Sep 17, 2012

Woman, sit down!

In the last few weeks there has been a war of words between opposition leaders Hakainde Hichilema (UPND) and Edith Nawakwi (FDD) and this has largely been played out in the media. Sadly the issues they are fighting about do little to elevate public discourse in Zambia; instead we have two adults fighting in a pig pen, slinging handfuls of manure at each other much to the chagrin of many. If the leaders of two political parties spend this much time calling each other all kinds of names, what time do they have to provide checks and balances to the party currently in government?


Last week marked an ugly turn when Mr. Hichilema said of Ms. Nawakwi:
“Kamukazi kaja sikanakambe vilivonse. Nili namukazi, niwambili wameneuyu  Uyu mukazi anyanya. (That little girl did not say anything. My wife is enough for me. This woman is too much.) Please if you (Nawakwi) have run out of what to cook in the kitchen, go and look for something at the market." 
This was in response to remarks made by Ms. Nawakwi in which she accused him of being selfish, egotistical and difficult to work with in any opposition alliance. She also charged that he has a “singular belief that he is better than anyone else in the leadership of this country as far as his leadership concerned.”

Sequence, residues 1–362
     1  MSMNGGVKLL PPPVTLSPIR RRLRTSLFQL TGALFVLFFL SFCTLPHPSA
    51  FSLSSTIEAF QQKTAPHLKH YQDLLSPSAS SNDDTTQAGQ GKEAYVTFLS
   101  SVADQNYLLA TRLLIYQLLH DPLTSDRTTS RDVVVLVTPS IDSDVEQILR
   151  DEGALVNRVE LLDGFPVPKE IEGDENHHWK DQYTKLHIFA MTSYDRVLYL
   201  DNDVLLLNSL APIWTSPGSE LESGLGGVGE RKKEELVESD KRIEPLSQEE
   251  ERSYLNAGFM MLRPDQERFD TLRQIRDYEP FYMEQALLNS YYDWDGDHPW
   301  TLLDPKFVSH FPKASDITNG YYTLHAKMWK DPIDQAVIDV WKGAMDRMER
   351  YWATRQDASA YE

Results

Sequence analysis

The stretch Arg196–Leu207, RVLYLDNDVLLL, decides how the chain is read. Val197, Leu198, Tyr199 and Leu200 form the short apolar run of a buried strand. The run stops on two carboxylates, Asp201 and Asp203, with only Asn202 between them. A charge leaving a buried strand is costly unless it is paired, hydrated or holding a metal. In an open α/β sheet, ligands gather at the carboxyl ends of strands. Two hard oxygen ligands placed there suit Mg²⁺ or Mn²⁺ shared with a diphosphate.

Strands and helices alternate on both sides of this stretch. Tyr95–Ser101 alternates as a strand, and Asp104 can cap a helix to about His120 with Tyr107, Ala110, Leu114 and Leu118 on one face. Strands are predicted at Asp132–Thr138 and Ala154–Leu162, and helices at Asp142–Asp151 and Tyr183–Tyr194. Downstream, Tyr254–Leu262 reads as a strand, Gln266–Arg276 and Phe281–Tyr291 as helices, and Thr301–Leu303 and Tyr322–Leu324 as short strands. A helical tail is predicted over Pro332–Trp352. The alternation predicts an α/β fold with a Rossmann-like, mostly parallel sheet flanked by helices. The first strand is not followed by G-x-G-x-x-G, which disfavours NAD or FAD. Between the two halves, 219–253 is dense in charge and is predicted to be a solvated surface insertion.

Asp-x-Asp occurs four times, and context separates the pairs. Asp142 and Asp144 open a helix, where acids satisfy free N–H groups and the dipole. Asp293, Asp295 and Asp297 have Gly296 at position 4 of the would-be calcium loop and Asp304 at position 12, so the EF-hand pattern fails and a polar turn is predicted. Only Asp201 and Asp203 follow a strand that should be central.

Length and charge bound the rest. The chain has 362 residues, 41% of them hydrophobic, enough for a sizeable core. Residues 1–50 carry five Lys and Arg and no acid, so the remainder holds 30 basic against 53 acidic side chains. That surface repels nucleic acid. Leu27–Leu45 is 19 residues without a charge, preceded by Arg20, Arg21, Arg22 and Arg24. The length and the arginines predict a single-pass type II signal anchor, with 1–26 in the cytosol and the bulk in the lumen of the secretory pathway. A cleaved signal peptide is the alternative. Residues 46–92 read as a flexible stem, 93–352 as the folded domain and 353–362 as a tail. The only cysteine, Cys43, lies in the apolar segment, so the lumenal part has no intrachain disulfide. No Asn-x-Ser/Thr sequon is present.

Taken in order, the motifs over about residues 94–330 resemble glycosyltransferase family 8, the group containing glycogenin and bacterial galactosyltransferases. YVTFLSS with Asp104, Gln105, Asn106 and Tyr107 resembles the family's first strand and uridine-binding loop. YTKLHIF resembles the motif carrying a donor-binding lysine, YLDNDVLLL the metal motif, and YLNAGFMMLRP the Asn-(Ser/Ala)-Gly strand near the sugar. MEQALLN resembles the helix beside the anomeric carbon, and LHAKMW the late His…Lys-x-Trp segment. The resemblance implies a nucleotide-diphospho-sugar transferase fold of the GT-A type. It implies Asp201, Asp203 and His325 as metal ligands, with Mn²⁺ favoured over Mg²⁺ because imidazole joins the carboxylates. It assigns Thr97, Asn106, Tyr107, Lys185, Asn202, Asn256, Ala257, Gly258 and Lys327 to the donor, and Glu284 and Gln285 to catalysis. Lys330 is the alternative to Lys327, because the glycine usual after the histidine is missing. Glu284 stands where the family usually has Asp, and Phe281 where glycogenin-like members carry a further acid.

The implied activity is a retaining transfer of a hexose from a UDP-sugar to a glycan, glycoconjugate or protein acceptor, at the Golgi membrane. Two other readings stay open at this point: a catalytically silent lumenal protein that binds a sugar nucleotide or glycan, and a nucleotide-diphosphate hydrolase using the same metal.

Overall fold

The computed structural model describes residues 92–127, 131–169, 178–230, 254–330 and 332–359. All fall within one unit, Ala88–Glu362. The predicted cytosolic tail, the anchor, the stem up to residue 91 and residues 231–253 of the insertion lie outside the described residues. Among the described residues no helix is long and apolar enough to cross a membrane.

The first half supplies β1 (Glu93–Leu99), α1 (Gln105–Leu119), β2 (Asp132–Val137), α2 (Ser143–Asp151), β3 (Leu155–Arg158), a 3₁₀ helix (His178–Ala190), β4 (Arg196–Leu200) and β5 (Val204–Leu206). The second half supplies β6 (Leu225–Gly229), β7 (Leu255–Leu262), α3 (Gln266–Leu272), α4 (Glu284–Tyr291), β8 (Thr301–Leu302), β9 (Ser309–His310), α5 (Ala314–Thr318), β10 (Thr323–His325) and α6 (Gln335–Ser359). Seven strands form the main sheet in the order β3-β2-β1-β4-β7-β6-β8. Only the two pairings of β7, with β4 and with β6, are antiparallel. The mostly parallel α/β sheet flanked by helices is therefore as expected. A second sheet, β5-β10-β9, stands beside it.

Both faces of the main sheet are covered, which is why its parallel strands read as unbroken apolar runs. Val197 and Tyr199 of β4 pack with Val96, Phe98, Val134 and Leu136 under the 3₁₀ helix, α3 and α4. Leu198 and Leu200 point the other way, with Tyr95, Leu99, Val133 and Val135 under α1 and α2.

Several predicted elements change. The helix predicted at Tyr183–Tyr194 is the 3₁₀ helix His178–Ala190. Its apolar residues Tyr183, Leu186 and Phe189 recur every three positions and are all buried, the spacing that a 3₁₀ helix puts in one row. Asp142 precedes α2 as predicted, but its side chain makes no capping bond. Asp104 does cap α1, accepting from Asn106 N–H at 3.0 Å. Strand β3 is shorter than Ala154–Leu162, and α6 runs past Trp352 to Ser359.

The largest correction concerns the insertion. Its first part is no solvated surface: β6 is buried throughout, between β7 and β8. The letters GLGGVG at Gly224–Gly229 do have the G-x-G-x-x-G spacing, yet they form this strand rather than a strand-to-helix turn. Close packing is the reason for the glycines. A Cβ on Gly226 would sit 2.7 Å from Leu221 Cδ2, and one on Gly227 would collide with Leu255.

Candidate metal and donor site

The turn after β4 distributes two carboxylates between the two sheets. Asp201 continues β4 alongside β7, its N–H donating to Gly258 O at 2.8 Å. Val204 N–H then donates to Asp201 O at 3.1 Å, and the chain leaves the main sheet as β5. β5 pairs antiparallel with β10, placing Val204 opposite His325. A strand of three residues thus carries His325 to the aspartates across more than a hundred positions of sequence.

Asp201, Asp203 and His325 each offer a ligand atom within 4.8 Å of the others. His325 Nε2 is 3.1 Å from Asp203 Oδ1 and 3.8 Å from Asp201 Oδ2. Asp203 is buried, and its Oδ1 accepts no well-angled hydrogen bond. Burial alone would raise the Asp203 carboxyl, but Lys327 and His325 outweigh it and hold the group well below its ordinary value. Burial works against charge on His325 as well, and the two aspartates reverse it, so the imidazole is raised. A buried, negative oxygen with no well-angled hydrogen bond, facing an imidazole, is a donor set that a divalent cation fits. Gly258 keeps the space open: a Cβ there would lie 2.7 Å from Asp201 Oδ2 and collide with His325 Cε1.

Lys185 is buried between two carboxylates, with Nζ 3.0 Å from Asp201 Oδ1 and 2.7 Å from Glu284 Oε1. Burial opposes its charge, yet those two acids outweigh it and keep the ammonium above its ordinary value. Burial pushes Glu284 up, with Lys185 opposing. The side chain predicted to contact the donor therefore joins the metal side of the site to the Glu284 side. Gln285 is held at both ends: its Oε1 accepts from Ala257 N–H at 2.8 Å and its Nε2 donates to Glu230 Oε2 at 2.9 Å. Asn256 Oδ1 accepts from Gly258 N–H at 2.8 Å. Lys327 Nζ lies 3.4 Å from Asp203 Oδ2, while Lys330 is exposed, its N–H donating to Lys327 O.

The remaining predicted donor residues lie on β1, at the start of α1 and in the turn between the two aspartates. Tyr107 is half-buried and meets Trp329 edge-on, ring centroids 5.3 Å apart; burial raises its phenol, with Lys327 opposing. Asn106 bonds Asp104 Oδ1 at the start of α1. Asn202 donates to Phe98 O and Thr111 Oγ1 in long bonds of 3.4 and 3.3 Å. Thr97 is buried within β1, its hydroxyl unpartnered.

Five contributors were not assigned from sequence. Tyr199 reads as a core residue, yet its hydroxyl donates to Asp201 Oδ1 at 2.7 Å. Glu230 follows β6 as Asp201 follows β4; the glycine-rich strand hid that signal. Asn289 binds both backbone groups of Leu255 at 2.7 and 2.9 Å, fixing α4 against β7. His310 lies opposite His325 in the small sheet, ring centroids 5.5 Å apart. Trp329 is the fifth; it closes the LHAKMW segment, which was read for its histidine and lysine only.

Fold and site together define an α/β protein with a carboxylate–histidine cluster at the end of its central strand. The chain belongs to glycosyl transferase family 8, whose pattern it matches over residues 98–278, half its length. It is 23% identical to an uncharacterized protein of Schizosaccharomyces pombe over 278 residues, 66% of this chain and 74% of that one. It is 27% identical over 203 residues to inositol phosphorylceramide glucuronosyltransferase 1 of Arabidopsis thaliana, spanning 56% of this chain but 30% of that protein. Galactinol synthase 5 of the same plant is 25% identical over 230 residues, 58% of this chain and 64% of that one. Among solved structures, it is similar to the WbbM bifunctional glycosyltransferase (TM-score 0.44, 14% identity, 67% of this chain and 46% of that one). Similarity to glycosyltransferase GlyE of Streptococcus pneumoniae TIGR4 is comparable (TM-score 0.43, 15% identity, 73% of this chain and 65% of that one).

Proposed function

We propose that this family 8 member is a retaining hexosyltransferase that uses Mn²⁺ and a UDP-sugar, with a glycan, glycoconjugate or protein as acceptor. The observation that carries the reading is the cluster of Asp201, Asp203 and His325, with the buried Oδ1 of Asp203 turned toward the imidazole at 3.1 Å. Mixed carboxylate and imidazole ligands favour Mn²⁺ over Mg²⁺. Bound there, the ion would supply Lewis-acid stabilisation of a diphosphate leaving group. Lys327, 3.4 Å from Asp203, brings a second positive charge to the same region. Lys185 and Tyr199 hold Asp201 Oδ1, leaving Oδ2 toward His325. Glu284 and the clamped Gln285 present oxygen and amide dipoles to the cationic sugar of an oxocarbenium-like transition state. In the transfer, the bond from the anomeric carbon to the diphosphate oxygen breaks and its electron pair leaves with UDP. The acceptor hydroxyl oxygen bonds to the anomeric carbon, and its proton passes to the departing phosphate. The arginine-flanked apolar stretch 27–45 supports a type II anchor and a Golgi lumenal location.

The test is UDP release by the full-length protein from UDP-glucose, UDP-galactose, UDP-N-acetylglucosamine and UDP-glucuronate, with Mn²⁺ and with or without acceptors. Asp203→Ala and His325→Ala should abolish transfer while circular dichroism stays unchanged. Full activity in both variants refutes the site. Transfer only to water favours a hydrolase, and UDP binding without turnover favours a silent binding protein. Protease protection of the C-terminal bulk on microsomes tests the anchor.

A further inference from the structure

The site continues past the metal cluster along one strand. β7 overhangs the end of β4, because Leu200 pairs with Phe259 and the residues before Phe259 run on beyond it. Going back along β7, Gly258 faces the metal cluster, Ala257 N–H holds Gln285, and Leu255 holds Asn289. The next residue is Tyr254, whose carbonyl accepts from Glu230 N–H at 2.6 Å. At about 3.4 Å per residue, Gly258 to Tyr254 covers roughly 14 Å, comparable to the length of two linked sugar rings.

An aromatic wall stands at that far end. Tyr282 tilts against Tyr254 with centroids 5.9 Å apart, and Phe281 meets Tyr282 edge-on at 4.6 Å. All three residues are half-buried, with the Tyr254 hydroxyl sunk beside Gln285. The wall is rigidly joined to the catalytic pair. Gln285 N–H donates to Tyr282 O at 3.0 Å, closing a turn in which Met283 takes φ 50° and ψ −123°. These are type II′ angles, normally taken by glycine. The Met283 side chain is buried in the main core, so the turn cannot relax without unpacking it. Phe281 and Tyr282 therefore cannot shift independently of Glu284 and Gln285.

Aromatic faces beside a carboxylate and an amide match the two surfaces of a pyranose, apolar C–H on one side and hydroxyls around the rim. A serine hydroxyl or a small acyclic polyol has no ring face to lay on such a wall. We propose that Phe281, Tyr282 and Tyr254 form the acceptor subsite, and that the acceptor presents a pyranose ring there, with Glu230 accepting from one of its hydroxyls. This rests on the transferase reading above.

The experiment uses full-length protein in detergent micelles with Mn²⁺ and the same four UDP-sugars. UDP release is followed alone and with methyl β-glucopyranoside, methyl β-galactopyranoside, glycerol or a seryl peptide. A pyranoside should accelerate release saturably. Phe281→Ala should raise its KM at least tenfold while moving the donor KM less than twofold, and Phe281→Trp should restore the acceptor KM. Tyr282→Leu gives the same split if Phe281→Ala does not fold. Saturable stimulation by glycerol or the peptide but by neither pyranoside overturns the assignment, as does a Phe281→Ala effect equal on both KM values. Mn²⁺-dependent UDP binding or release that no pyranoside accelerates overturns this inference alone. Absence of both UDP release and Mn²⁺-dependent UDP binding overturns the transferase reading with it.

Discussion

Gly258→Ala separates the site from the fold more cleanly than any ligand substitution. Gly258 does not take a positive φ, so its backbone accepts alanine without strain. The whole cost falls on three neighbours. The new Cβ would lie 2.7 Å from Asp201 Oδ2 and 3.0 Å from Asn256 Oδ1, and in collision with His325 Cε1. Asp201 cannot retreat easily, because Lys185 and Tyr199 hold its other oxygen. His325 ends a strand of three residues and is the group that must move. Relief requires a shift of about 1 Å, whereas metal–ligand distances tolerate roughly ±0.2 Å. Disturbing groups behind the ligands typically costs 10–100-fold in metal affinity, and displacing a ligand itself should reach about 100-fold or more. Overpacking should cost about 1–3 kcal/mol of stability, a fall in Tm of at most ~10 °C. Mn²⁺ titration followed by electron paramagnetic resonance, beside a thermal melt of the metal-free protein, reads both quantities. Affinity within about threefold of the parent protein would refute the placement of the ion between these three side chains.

Now Mr. Hichilema has every right to defend himself in the face of this, however, he crossed the line by his choice of words in which he refers to Ms. Nawakwi as a “little girl” and as someone who should be in kitchen or at the market shopping for foodstuffs. This type of sexist and demeaning language is deplorable, and should not be tolerated or defended.

This language reinforces gender stereotypes and normalises violent behaviour against women. Our words often reflect our belief systems and when a public figure like Hichilema makes such statements it’s quite indicative of how he feels about women in the public sphere – “shut up, and go back to the kitchen where you belong.”

This is also not the first time he has been caught making negative references to women. In 2006 he accused a former ally of “being a woman” for “running away” from an alliance. The implications of the remark were obvious; he views women as cowards and to call another man a woman was an insult.